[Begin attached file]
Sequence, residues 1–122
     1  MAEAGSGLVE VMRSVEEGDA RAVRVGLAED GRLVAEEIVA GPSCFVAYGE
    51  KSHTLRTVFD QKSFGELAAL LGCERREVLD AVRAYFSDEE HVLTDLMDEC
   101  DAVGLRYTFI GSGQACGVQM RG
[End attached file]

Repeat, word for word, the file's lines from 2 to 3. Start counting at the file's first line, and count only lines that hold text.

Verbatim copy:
     1  MAEAGSGLVE VMRSVEEGDA RAVRVGLAED GRLVAEEIVA GPSCFVAYGE
    51  KSHTLRTVFD QKSFGELAAL LGCERREVLD AVRAYFSDEE HVLTDLMDEC